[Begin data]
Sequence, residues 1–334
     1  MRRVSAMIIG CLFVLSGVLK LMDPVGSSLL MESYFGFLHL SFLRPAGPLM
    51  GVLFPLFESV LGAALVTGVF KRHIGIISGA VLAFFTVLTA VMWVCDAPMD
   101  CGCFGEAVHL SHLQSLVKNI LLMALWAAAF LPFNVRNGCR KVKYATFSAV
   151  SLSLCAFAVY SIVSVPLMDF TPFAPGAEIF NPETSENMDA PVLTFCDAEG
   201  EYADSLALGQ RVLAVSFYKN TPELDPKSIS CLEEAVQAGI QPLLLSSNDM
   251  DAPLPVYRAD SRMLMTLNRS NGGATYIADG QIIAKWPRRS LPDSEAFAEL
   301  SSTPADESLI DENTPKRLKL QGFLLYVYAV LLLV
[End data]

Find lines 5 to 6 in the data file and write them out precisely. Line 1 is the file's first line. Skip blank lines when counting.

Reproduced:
   151  SLSLCAFAVY SIVSVPLMDF TPFAPGAEIF NPETSENMDA PVLTFCDAEG
   201  EYADSLALGQ RVLAVSFYKN TPELDPKSIS CLEEAVQAGI QPLLLSSNDM